I’ll be honest with you, I don’t feel good here. I’m too far from my family. I’m too far from the place where I was born, where I grew up. I lived all my life there, and now I come here, I come because I want my kids to study. In Mexico, I wouldn’t be able to do that. It would even be hard to send my kids to high school. But I can do it working here. God willing, I’m going to send all three of my kids to college. My son, he’s not sure yet what he wants to study. Maybe industrial processing. I don’t know much about that field. But maybe he’ll study agricultural engineering. I know more about that. But there’s not much demand for that where we live. My son likes working in the fields as well. He’s like me, but in the end, I told him he needs to think hard about it, because it’s his future. I tell him, Look, I don’t know about all these things, but look around you, look around at what you can do. Look at what I have to do. If I had the chance, I’d think hard about another line of work.
I think the United States is really beautiful. It has so much. It has a lot that Mexico doesn’t have, but I’ll be honest, I wouldn’t want to move here. Not me. My rancho is my rancho, and I’ve thought a lot about it, and I tell my wife, I don’t come here because I want to. I don’t come here because I don’t want to be with you. I come to give you something better. Something better, something we can’t get there.
I’ll wake up tomorrow at six. I’ll drink a coffee, maybe a shake. The driver, or maybe the boss, will take us to los fields. I don’t know, maybe to pick radishes, or, who knows, we won’t know until tomorrow. We’ll probably be packing veggies for the Saturday market [it’s Thursday night when we’re speaking]. We’ll cut lettuce, romaine and Boston, red and green. We cut the hearts and put twelve in a box, or depends on what brand we’re working for, and then we cut the cilantro, also for the market. Depends on what box, but usually 24 bunches per box. Maybe we’ll finish packing for the market by noon, or maybe earlier, and then we’ll get together, and we’ll go to some other fields, for the radishes, or the kale. The radishes you pull out, seven or eight at a time, then wrap them with a band. It’s not too hard. The earth here is really soft. Dark and soft. So you don’t need to really tug too hard. What’s difficult is to be doing it for so long. You don’t get like crazy tired, but you get tired.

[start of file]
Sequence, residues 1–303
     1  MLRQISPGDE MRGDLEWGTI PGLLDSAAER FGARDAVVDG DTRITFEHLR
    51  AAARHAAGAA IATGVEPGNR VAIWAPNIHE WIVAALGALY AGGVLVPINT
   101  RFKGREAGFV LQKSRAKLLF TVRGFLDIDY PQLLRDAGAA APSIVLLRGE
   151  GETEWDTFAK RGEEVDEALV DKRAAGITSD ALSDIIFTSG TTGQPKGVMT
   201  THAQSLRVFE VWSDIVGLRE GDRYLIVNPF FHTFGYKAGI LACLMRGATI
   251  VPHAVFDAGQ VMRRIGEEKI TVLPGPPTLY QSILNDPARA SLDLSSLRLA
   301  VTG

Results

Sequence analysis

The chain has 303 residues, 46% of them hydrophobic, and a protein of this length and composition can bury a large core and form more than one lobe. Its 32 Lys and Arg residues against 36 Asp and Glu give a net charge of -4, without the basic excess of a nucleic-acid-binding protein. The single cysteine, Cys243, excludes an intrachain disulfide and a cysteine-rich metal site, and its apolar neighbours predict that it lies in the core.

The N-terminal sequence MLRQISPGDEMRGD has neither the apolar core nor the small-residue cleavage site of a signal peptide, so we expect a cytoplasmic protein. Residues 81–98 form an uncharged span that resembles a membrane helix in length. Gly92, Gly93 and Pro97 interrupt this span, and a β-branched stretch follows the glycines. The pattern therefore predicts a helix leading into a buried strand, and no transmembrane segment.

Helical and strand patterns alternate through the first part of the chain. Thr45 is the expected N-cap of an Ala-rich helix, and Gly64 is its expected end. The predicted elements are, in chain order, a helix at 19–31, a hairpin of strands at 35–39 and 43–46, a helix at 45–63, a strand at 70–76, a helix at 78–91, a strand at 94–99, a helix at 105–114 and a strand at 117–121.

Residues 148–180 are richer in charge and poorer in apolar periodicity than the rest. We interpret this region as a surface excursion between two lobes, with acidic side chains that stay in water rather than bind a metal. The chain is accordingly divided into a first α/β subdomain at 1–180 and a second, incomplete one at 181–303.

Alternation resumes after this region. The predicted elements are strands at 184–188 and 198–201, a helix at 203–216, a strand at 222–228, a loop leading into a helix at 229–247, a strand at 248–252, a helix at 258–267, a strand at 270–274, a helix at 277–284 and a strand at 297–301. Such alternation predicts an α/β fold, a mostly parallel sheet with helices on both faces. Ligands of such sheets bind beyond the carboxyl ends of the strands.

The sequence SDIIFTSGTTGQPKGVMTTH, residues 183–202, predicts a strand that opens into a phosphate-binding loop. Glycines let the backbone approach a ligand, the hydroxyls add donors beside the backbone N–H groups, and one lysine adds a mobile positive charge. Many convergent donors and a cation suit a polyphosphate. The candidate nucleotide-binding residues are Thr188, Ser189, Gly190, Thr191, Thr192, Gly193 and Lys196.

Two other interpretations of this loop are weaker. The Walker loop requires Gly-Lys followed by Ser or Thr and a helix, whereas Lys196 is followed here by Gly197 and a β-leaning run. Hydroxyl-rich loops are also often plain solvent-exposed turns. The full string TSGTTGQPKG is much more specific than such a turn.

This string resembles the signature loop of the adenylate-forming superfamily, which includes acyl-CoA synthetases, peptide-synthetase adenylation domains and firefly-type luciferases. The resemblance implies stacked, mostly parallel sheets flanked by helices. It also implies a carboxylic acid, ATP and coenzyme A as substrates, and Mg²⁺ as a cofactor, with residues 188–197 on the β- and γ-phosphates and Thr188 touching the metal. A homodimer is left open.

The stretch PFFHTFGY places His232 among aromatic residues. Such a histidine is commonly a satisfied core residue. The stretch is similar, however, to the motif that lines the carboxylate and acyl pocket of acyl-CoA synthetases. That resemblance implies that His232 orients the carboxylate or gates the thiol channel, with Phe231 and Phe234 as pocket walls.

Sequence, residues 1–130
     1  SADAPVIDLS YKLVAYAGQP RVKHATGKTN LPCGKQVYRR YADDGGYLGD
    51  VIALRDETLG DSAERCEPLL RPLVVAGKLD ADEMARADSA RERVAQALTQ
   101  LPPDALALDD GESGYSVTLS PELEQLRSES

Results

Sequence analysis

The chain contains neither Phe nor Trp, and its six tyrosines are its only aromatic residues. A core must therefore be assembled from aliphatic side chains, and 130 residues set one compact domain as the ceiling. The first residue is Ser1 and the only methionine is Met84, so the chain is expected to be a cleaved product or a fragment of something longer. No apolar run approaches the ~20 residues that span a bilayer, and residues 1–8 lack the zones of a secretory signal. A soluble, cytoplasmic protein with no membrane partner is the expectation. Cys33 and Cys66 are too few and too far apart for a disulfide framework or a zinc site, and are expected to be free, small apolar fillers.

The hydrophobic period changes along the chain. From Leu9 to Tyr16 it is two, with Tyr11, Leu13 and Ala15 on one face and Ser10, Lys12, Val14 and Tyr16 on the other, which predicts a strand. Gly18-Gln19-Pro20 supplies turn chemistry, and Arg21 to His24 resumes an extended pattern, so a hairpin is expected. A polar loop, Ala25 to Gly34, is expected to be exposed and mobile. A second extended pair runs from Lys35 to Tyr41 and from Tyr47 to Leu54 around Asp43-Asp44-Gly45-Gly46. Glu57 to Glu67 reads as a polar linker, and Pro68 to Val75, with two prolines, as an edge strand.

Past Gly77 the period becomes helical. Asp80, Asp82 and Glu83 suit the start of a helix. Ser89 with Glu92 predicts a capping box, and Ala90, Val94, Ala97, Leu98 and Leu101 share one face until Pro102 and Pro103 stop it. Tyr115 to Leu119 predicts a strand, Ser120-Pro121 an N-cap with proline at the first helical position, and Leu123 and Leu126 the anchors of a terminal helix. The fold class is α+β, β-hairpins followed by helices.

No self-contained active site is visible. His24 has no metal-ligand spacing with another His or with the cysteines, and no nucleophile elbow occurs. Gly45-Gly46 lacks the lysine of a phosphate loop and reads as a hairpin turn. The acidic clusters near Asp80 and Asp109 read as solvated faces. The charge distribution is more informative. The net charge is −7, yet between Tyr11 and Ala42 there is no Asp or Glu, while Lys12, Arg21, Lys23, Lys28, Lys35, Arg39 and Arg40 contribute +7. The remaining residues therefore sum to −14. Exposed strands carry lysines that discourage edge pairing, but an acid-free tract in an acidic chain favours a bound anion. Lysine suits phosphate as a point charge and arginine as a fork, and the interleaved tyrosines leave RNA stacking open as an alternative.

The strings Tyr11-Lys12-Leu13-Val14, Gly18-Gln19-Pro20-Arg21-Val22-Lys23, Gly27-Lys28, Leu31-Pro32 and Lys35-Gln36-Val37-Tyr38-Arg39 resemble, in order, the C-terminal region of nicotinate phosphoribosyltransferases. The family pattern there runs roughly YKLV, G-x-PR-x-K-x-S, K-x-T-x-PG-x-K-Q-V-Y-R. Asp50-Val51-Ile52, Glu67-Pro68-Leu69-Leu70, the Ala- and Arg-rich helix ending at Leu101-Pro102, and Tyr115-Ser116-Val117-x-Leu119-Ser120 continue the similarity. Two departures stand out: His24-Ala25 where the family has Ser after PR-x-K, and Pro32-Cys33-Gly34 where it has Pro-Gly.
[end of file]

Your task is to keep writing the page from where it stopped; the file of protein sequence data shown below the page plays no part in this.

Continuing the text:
I don’t know why Americans don’t do this kind of work. I don’t understand why. Maybe it’s the pay, or the work itself. Maybe it’s cheap seeming. There are a lot of reasons. I don’t know which it is. Or maybe it’s because, how can I put it, we’re the people who accept this kind of work because we’re used to hard work. And maybe Americans try to find ways not to do this kind of work. Not this kind of hard work. But I don’t know what the exact reason is. There may be multiple reasons. There are a lot of Americans who, okay, they do work on the tractors, or weed a little, but they don’t harvest. A lot of them just give orders.
My interest is just to come to this country, do the work, and then leave it. That’s all. My work is what interests me. That’s all I do here. My family tells me they miss me. But then I think about coming home with nothing, without having food to eat… I like the US, I like it a lot. But this isn’t where my life is. All there is here for me is working and sleeping. In Mexico it’s different. You can have more free days, you can be with your family.